Lately, I feel like I've been coping pretty well.
Yesterday, I found out why. Because nothing stressful has been going on, really. Duh.
And then, something stressful happened, and I am back to being a mess.
I got a letter from Social Security yesterday informing me that the state of Ohio will no longer be paying my Medicare premiums. Instead, $105 will be deducted from my monthly SSDI payment.
Of course, the letter did not explain why. It's possible it is an error, logically one might assume it has to be, since my income has not changed. But one would only assume that if one was naive enough to think the system was logical. Like if one had never been on any type of public assistance. In reality, the reason is most likely either that the formula the state uses to determine whether they will pay one's Medicare premiums has changed and I no longer qualify according to the new formula or my recent increase in food stamps (I used to get $15 a month and now get a whopping $32) and decrease in my Medicaid spend down (which is like a monthly deductible I must meet in order to receive my Medicaid card) means I am now too wealthy to qualify. Of course it is ridiculous that getting an additional $17 in food stamps would mean I can afford to pay $105 for Medicare. But I learned long ago that you'll make yourself crazy if you expect the system to make sense.
I decided to call Social Security to ask why the change. If you've never had the pleasure of calling Social Security, well, consider yourself lucky. After finding my way through an extremely long and convoluted phone tree and holding for a long time while enjoying some elevator music, I finally got to speak to a real live person. Who informed me I needed to call the state Medicaid department to ask why the change. Silly me, I figured since the letter was sent by Social Security and the telephone number printed on the letter was that of Social Security, that was who I should call.
I did not have the energy to call the Medicaid people yesterday. In fact, I have not summoned the energy yet.
If you have had the pleasure of calling Social Security, well, let me tell you that trying to call the Department of Job and Family Services (the welfare people in my state, where you apply for things like Medicaid and food stamps) is like that experience multiplied by at least five. Maybe seven.
Last week I had a dentist appointment and I had a question about whether or not I could get a gas voucher from JFS for that appointment. Seems like a simple question, yes? So I looked up the number for the JFS office in my county and called to ask my question. After listening to a very long message which informed me, amount other things, of the hours of my local JFS office, what number to call if I wanted to report child abuse or neglect, what number to call if I wanted to talk to someone about child support, and various other bits of info I did not care about, I was given an 800 number I could call if I had questions about benefits. And that was it. No way to reach an actual person.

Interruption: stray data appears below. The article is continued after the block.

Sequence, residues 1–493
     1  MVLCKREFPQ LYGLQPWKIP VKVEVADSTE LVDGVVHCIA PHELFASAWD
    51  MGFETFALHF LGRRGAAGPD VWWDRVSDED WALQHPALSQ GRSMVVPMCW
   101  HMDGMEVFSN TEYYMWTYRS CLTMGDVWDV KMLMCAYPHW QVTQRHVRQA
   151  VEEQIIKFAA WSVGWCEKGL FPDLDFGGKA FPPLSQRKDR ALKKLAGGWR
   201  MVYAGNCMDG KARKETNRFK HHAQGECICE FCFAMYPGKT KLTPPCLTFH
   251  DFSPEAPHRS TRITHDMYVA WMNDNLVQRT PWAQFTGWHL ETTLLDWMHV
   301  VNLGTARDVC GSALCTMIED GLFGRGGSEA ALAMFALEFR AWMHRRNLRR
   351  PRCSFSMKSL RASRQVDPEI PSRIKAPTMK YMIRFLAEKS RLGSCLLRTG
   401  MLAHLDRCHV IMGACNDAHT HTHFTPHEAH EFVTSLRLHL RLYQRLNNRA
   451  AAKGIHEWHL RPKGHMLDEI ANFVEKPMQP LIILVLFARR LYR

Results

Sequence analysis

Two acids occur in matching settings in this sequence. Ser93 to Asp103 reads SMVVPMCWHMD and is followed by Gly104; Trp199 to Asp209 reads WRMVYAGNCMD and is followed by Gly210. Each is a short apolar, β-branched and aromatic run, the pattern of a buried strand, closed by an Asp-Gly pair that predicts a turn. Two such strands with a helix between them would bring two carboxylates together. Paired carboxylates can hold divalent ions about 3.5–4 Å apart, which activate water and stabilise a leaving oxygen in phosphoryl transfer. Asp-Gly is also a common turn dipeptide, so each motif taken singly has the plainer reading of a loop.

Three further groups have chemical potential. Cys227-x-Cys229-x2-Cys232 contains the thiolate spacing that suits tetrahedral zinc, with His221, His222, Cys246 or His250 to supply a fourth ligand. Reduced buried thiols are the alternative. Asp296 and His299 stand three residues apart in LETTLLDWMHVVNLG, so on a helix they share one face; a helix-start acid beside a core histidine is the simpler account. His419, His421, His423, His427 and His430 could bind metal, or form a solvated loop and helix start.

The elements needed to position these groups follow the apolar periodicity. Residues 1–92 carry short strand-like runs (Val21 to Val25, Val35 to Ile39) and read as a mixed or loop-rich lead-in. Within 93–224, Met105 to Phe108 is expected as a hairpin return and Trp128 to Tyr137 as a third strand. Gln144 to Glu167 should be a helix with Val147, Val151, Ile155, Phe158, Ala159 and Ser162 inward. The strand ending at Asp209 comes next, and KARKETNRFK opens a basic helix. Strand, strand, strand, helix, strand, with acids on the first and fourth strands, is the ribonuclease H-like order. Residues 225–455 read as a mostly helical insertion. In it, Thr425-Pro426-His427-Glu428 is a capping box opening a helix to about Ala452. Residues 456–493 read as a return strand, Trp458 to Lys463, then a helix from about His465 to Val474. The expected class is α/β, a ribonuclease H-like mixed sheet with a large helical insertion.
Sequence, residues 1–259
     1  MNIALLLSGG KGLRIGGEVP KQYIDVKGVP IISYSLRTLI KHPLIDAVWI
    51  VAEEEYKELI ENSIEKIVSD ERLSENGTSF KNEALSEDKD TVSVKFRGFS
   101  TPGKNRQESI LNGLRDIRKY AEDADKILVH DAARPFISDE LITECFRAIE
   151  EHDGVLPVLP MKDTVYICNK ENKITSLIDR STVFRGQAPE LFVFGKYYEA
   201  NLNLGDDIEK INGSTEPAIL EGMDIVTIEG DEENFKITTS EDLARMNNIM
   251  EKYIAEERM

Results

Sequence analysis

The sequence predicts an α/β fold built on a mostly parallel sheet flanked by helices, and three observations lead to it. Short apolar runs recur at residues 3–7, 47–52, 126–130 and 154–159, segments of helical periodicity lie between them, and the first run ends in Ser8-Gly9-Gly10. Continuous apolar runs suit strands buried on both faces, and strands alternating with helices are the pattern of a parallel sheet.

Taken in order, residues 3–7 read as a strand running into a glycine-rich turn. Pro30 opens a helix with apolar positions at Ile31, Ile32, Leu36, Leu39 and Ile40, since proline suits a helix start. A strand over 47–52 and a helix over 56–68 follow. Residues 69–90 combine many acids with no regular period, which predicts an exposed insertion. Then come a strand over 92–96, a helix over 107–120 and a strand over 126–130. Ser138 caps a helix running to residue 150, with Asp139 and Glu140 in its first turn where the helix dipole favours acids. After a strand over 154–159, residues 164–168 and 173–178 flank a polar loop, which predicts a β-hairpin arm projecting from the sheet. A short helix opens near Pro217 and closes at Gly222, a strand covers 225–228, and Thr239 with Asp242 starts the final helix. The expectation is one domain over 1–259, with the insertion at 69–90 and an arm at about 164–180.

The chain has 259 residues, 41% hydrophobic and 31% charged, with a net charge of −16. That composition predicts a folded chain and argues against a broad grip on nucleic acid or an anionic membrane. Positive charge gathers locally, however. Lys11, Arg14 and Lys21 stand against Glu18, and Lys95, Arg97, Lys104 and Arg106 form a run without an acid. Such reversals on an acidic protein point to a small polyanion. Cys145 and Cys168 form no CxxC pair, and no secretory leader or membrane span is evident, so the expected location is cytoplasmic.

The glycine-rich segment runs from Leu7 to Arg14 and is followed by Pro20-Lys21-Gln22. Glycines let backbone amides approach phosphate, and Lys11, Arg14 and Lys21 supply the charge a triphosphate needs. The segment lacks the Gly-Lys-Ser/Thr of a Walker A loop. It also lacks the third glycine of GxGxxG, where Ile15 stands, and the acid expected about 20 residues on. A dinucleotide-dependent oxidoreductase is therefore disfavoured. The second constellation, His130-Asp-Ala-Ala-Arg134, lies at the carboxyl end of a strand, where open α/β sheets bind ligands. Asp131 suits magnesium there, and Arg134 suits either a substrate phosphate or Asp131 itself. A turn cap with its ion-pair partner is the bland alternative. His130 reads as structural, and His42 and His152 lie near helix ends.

So I called the 800 number. Which is a state-wide number, not my local county office. After holding a while, I was able to speak to an actual person, who informed me that she couldn't answer any questions about gas vouchers because those are administered by the county office, not the state office. I would need to call my county office.
I told her I had done that first and was unable to speak to a real person but the recorded message said to call the 800 number. I asked if she had a number for the county office that would reach an actual person.
I asked how I could get an answer to my question.
She offered to give me a fax number.
I have no idea if they would respond to a question via fax (I somehow doubt it) but it doesn't matter because, surprise, I do not own a fax machine. I pointed out that probably most people that are poor enough to be on Medicaid and need gas vouches probably can't afford fax machines.
I asked how I could get an answer to my question.
She suggested I go into my local JFS office to ask. Yes, that's right. Drive to the JFS office, using gas, to ask if I can get a gas voucher, which I might or might not actually be able to get.
There's logic for you.
So anyway. I have not called yet to ask them why they will no longer be paying my Medicare premiums. I simply have not had the energy. And... I keep crying. I'd prefer to call when I am able to complete the call without bursting into tears.
Plus, who knows if they will be able to give me an answer on the phone? Maybe I'll need to fax them my question, on my non-existent fax machine. Or maybe I'll have to drive there and sit in an uncomfortable lobby for a long time to ask my question. I guess the benefit to that, if you want to call it that, is that occasionally if you burst into tears and look like a crazy person in a place like that, they actually try to help you, either out of pity or fear or just to get you out there as quickly as possible. Of course, they might also respond by calling security, so that's the change you take, I guess. It's a situation I prefer to avoid, if I can.
I will call. When I feel in control of my emotions enough.
Right now, I feel panicky and depressed. I've cried a lot. I know $105 probably does not sound like much to most people. But it is almost half my rent. It is a lot to me. Plus apparently I don't cope well with unexpected news like this.